White House: Trump immigration tweets to be followed by fresh Hill push

The Trump administration said again that undocumented immigrants from Central America should be sent back without access to U.S. court or asylum systems.
by Dartunorro Clark /  / Updated 
Image: Border Agent
Border Patrol agents apprehend illegal immigrants shortly after they crossed the border from Mexico into the United States on March 26, 2018 in the Rio Grande Valley Sector near McAllen, Texas.Loren Elliott / AFP - Getty Images

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The Trump administration is planning to push Congress anew to pass proposals aimed at reducing the number of undocumented immigrants crossing the U.S. border, particularly from Central American countries, senior White House officials said Monday.

The announcement follows two days of tweets from President Donald Trump calling on lawmakers to pass "Border Legislation" — changing Senate rules to do so, if necessary — and warning of dangerous "caravans" of immigrants headed for the U.S. border with Mexico, bringing drugs and crime with them.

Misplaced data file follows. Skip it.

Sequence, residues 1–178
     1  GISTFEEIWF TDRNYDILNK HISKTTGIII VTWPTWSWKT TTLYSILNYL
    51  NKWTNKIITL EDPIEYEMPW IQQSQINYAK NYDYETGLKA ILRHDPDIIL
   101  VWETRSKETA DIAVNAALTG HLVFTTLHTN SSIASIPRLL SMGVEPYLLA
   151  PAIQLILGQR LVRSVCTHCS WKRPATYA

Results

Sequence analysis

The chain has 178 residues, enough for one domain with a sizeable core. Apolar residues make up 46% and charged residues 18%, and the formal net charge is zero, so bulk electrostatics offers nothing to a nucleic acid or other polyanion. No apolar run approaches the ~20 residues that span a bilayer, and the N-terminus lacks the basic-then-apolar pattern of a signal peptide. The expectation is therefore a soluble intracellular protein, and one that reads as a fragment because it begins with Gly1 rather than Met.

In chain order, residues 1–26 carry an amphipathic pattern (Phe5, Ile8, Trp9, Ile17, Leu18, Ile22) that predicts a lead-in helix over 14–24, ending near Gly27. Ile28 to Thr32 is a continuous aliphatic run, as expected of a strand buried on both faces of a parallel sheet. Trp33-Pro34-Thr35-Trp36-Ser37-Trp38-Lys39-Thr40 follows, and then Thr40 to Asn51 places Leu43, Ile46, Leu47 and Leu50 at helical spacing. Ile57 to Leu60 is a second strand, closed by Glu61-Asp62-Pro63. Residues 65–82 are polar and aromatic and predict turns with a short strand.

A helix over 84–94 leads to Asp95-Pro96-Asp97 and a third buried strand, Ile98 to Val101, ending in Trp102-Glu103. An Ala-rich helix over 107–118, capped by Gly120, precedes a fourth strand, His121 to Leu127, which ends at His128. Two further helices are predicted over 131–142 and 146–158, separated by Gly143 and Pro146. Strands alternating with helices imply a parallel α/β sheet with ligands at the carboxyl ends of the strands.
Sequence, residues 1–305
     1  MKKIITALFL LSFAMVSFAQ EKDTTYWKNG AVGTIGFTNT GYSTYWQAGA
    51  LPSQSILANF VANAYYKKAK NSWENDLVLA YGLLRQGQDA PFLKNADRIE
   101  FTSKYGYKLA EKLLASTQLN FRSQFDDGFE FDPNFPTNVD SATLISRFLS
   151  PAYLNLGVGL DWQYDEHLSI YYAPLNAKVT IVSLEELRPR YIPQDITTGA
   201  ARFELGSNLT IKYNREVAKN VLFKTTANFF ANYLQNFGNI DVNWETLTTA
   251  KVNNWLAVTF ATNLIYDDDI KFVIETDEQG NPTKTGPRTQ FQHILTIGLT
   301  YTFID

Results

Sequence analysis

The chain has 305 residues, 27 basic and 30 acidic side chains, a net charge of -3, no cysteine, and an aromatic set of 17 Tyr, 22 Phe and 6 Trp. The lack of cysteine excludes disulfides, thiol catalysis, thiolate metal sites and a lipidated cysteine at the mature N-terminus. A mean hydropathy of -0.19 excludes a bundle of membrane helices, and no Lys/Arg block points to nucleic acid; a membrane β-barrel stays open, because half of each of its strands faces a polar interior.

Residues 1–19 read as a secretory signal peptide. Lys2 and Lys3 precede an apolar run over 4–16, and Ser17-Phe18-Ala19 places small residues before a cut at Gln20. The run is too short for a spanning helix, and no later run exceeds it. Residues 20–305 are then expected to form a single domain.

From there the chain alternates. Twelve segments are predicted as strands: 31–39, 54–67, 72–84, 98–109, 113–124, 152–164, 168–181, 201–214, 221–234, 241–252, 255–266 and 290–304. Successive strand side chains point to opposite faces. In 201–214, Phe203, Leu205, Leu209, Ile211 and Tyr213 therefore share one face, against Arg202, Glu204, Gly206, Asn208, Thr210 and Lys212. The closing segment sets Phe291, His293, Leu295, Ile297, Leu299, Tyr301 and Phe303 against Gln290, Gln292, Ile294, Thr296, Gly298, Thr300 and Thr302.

The White House officials, briefing reporters in a phone call, pointed to the legislative package the administration has pledged to send to Capitol Hill to address what it sees as "loopholes" and "serious deficiencies" in current immigration laws.

The policies mentioned in the call largely resembled areas where the administration has previously pushed unsuccessfully for congressional action.

The officials echoed past complaints from the president that border agents’ "hands are tied" by existing immigration law, and said undocumented immigrants from Central America should be sent back to their home countries without full access to the U.S. court or asylum systems.

The president tweeted over the weekend that there would be "NO MORE DACA DEAL" to provide legal status for immigrants brought to the U.S. illegally as children. Officials on the call would not elaborate on whether that meant there would be no further efforts to reach an agreement with lawmakers to enact some of the items on the administration's wish list in exchange for legal protection for individuals previously covered under the DACA program.

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